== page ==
BLUEFIN TUNA dominate the tuna category, but all tuna count.

The five grand prize packages are already beefy, but based on BFCs past, that can still fatten up even after the event is underway.

The grand prize packages as it stands now each include:

  1. $500 cash from title sponsor, Mercury Marine.
  2. Costa sunglasses
  3. Furuno chartplotter/fishfinder
  4. Penn rod and reel
  5. Plano backpack
  6. Gamakatsu tackle assortment
  7. Global Fish Mount of the winning fish
  8. Terrafin subscription
  9. subscription
  10. Berkley ProSpec line
  11. Chevron-Techron marine fuel system treatment


Weekly prizes are set to include t-shirts, Gamakatsu hooks and line and other gear from AFW/HI-SEAS. The specific details of each prize package can also be found on the BFC area of

Even while standing as the ultimate “every man” fishing competition, there are still participants who have been in for years if not from the beginning who just “get it” and are always in the hunt for a grand prize. Since the BFC kicked off, we’ve had a winner of two grand prize packages in the same year when a guy (a kayak angler no less) wound up on top of two species categories.

We’ve had back-to-back winners in a single category as well as for one species one year and another fish for the next. As tournament organizers, we’ve also seen the trends shift one year to the next as far as winners coming from party boats versus ‘yaks versus private boats. There really is no way to predict what kind of year it’s going to be in that respect, and BFC organizers have also not picked up on any advantage one type of angler has over another. It truly is a level playing field.

THE LINGCOD species category in the Big Fish Challenge is often the most entertaining, with the lead changing hands in bunches and occasionally, several times in the final week right up to the buzzer.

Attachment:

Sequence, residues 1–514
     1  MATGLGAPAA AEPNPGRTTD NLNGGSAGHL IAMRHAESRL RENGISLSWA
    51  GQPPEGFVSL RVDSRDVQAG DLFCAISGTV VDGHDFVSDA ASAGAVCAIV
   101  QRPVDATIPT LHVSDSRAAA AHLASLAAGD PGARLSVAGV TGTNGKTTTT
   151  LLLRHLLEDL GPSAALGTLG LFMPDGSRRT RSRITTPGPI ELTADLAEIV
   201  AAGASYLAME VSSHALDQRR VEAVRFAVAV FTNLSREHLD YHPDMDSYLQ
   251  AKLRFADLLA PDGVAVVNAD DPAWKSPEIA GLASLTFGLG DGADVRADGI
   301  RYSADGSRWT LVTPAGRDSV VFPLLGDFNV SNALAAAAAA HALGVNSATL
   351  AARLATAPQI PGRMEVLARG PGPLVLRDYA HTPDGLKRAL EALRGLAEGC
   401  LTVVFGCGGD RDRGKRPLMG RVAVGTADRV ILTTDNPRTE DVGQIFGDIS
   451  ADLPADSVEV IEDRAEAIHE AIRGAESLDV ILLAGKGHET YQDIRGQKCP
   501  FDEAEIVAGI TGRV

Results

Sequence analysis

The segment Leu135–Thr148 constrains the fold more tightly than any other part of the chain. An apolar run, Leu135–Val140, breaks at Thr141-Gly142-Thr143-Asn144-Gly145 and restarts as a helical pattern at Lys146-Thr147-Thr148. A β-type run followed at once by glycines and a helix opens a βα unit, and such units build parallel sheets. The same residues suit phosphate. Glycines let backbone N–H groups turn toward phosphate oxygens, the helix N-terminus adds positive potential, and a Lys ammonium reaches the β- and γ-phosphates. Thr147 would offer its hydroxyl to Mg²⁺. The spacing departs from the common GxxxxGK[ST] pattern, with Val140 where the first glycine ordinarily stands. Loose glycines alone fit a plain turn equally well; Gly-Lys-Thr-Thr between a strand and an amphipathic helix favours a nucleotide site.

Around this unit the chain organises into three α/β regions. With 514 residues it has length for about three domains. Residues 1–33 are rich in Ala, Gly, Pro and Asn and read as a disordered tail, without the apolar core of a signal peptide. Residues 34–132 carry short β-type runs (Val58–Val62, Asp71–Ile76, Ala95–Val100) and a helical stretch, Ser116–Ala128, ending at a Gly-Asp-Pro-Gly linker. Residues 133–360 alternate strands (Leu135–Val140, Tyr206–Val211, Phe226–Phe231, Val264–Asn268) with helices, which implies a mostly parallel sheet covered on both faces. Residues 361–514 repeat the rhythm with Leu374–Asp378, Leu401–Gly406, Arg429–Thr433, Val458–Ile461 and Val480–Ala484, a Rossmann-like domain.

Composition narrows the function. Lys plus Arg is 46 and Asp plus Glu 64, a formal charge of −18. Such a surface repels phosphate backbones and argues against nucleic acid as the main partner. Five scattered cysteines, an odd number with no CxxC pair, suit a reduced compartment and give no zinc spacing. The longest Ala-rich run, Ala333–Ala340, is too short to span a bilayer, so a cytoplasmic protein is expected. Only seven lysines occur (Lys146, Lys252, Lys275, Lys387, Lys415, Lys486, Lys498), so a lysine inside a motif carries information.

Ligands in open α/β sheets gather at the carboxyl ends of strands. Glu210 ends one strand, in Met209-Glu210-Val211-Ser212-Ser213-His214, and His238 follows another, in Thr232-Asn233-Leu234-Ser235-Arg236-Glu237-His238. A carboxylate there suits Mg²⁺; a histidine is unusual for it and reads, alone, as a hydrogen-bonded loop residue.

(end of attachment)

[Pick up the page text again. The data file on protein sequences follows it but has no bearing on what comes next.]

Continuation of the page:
With all the cool stories that have come out of the BFC, there is also heartbreak, and it extends well beyond the on-the-water element of the event. In the WON office, we’ve seen some pretty frustrating scenarios play out. One example is, a week passing without a yellowtail weighed in, presumably because BFC participants know it’s not going to threaten the top spot or even be big enough to win a weekly prize, so the weekly prize goes unclaimed when a rat yellow would have taken it. That has happened several times with several species.

Another one was back when dorado were swarming SoCal waters all the way up through L.A. County, but the category did not have a qualifying fish until Week 9 of the Challenge, and it was a small one, AND it was when we were receiving tons of photos for publication of guys with big dodos caught essentially within view of WON’s west-facing windows in San Clemente.

We were all but begging these guys to sign up (in case they got another one in the final week) just because it was such a bummer for us as well as them, and while it happened less over the years as more anglers found out about the BFC and got involved, it does still happen at some level every year.

That actually brings up another good point, anyone can sign up and get involved at any point of the event. With such a low entry fee, a lot of entrants including some grand-prize winners did it that way, but there’s no question being in from the beginning offers the best shot at winning.

The good stories still outweigh the devastating. Another one that comes up is when we notice the top spot in a particular category changes hands several weeks in a row between two anglers only to later find out they are buddies fishing from the same boat.